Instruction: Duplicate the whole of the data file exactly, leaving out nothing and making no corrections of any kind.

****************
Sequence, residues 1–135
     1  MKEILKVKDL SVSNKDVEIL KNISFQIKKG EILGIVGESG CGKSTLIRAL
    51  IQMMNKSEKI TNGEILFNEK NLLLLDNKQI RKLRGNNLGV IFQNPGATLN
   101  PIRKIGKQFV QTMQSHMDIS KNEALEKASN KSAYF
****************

Sequence, residues 1–135
     1  MKEILKVKDL SVSNKDVEIL KNISFQIKKG EILGIVGESG CGKSTLIRAL
    51  IQMMNKSEKI TNGEILFNEK NLLLLDNKQI RKLRGNNLGV IFQNPGATLN
   101  PIRKIGKQFV QTMQSHMDIS KNEALEKASN KSAYF